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Sima Kumar Team Work, Skill Sets...

What Makes A Dream Team?

Photo by Perry Grone on Unsplash
The numerous articles on the future of work all speak of the power of collaboration. Whether you’re working in a traditional model of a business or remotely, at some point, you’re going to need to know how to work with others.  So what exactly are the skills a professional person should be nurturing in order to be a ‘team player’? It’s that must have candidates see on almost every single job description, whether it’s for an entry level position, mid or senior level.  
Read on for the top 5 skills to build your team player skills and land your dream job.
Photo by Mimi Thian on Unsplash
  1. Excellent Communicator: we see this on CV's and in job descriptions all the time. However, what does it mean, exactly? Being an excellent communicator means communicating openly with your colleagues, sharing your thoughts, opinions and ideas clearly and concisely while also leaving room to consider the point of view of what others have to contribute as well. Communication is an essential skill for keeping track of client communications, progress on projects and working together efficiently on tasks with joint responsibilities. Poor communication results in misunderstanding crossed wires resulting in work being missed & or having to be completed by another colleague. 
  1. Supportive Nature:  Almost all team players possess a supportive nature. They understand the delicate balance between executing their tasks while being present for colleagues who may be struggling. Individuals with a supportive nature rank high on emotional intelligence or EQ. This is because they can read subtle signs of what is going on beyond what is being explicitly communicated verbally. Being supportive is directly linked to increased productivity.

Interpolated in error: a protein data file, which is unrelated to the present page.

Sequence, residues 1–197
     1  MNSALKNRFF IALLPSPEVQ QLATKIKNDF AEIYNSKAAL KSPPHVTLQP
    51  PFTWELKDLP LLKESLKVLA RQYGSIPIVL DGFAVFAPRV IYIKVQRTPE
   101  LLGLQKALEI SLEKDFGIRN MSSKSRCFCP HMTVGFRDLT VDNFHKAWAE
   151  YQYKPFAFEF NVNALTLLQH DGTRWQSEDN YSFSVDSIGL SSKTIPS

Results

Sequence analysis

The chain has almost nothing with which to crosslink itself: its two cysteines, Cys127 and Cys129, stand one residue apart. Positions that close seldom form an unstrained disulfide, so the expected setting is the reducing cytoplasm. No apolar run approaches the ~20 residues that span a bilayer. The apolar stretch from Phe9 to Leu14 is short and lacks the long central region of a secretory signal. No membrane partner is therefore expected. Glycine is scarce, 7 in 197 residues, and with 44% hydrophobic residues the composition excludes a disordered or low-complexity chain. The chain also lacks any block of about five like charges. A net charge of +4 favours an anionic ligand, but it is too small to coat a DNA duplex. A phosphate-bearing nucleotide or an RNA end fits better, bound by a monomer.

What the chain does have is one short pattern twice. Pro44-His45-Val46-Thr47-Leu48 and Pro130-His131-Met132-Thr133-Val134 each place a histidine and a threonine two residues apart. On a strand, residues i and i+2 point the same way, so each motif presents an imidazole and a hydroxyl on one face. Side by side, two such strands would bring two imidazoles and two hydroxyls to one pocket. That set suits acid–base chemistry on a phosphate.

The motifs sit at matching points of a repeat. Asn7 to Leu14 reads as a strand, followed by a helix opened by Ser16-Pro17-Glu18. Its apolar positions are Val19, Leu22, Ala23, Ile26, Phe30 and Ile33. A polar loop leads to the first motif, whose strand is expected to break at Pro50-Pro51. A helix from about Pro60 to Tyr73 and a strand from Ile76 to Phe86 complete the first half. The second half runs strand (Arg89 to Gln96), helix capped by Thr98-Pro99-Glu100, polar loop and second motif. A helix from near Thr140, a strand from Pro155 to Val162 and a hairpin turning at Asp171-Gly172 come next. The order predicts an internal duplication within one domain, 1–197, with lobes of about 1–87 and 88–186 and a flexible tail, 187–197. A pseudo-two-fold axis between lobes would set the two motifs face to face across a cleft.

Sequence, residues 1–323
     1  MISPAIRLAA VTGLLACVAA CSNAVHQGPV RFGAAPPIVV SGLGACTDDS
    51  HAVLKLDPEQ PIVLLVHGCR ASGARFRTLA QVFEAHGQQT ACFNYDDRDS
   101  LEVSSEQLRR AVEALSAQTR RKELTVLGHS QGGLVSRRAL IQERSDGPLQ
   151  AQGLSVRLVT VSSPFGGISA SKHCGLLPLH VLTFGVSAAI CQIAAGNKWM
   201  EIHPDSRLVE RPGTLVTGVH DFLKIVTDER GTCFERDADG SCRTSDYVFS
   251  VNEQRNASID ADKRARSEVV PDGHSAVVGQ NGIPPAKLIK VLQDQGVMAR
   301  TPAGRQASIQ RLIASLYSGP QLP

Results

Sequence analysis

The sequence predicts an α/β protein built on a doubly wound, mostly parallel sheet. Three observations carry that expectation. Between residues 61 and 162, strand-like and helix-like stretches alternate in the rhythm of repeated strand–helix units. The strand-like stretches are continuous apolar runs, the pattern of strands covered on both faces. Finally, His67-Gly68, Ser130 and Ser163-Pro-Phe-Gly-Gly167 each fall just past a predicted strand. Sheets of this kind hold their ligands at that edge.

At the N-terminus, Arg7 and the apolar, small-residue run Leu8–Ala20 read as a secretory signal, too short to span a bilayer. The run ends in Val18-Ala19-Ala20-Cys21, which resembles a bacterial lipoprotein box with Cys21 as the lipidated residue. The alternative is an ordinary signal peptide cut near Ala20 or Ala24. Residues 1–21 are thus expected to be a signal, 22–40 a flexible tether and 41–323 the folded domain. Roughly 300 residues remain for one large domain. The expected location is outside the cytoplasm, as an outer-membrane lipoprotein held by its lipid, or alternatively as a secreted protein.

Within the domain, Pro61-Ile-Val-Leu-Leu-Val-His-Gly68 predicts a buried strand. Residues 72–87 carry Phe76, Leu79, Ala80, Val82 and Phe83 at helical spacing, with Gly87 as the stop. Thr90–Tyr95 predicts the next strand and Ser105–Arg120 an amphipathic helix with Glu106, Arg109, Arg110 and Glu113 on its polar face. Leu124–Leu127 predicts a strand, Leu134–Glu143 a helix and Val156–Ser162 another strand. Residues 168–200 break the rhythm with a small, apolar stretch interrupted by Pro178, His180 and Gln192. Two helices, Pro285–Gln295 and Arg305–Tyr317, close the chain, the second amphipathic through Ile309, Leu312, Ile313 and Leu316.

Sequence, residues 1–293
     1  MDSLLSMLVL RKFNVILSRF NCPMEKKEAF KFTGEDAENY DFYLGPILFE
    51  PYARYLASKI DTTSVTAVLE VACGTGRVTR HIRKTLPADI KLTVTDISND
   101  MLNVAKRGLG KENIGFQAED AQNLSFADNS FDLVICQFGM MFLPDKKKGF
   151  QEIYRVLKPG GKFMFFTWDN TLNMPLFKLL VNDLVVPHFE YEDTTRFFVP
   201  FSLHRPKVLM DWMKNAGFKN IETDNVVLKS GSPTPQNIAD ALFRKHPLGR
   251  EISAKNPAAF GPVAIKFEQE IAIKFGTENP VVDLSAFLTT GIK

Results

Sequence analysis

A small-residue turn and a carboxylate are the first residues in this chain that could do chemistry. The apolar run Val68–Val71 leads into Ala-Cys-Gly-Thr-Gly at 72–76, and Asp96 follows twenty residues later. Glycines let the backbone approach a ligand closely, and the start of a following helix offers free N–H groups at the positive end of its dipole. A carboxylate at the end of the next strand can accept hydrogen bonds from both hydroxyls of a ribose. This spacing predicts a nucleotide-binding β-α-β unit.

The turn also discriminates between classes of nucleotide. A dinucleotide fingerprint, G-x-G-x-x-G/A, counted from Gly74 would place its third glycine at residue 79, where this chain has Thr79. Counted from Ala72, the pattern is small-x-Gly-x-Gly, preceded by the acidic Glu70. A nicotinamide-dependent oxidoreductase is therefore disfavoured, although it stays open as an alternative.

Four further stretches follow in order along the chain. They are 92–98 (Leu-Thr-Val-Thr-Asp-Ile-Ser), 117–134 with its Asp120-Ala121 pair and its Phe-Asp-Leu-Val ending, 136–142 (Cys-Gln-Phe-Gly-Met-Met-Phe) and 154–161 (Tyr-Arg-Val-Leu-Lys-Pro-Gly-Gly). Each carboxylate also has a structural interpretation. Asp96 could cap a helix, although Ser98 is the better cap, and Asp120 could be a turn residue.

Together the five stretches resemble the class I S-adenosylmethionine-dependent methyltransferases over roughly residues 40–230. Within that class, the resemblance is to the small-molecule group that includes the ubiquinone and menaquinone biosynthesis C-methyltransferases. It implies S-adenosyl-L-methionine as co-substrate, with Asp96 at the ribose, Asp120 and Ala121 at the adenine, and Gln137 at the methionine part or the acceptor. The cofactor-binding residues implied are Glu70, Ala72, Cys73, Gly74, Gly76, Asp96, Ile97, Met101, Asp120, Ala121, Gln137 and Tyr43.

1. Team Goals:  Everyone likes to have a sense of direction and purpose at work. Team players understand this and work collectively to focus on goals and results by setting team goals and not concentrating on individual goals or outcomes. This creates a win/win situation for everyone involved by providing each person with a clear set of objectives that contribute to the collective. Creating and working with a plan to achieve goals has been linked to greater employee satisfaction helping directly with a higher rate of retention and employees who show up to work feeling a sense of purpose. 
  1. Equal Contribution: This is linked to number 3 on the list. The most successful team players know how to contribute their fair share to a project. They work effectively to their specific workload understanding the relationship with cause and effect to their colleagues because they know what they are responsible for and the consequences of what happens when too much is taken on.  Being an equal contributor creates a bonding experience between colleagues, which extends to an overall sense of loyalty because they feel they are directly linked to achieving KPI’s and company goals. 
  1. Organised:  This is often a learned skill. The more organised business is, the smoother the day runs. Whereas employees should know how to organise themselves individually, especially in the case of remote work, it is also beneficial for those in management and leadership roles to create best practices. Ensuring projects are running according to schedule and highlight potential problems before they become critical. An easy way to do this is by holding a weekly meeting for team alignment. The beginning of the work week is always best. In retail, this allows teams to debrief from the weekend and any stand out events while also creating an atmosphere of purpose for the week ahead.